In Cambodia, most people look forward to the traditional celebration, which is held on the Veal Preahmein field next to the Royal Palace in front of the National Museum

In the ritual, singing Buddhist monks seek approval to plow from the ground spirits. After that, people make gifts to the gods by planting ceremonial furrows, rice, and so forth. 

It is not uncommon for King Norodom Sihamoni to get his hands dirty. However, we can see the King does the planting and plowing during the festival.

The royal oxen are used in representation to forecast the upcoming monsoon season in order to get a plentiful harvest. Thus, the King and other people have to offer grass, wine, water, grain, and riches to the oxen. 

The oxen will then pick their offerings. If it eats rice or grain indicates a successful harvest; water indicates rain; grass indicates agricultural devastation; wine indicates drought.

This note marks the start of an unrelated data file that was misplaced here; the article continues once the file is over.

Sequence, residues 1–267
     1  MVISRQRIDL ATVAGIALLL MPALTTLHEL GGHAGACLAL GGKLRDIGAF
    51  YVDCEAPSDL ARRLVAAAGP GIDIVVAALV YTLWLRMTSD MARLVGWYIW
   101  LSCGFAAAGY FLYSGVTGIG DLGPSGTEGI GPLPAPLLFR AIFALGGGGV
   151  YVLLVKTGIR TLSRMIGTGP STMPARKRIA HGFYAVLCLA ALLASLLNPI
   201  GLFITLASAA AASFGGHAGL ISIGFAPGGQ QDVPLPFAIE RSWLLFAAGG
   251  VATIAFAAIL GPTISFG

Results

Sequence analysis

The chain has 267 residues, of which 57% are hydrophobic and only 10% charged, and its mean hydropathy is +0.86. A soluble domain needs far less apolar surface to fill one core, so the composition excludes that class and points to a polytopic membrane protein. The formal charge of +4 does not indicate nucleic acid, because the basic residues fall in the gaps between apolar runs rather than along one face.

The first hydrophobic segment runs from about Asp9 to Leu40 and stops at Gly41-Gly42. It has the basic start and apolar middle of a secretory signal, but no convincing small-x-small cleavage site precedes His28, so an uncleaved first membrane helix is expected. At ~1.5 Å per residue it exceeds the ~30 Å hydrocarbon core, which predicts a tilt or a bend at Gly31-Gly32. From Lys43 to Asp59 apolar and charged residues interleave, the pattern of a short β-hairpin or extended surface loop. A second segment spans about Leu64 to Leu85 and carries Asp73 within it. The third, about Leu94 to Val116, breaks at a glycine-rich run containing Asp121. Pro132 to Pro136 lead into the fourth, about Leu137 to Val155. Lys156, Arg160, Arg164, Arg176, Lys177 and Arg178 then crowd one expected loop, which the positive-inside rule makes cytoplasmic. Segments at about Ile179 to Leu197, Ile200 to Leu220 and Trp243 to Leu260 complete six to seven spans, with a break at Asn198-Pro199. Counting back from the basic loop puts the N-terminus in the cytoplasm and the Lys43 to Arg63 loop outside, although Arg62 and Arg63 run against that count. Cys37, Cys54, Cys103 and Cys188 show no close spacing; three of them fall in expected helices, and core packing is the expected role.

As far back as the 16th century, the Thai royal family also celebrated this festival. In 1957, it was declared a national holiday in Thailand. Hence, all employees and officers of both public and private sectors will take a day off for this public holiday to enjoy the ceremony. 

Moreover, given that agriculture employs a substantial proportion of Thailand's labor population, the ritual is intimately associated with the agricultural business and is vital for farmers nowadays. 

Besides a ritual belief, the ceremony is used to anticipate the crop yield during the following year. On top of that, it inspires them to work even more because of this.

So Here Are Five Awesome Things You Can Learn From Royal Ploughing

1. Weather Forecast Methods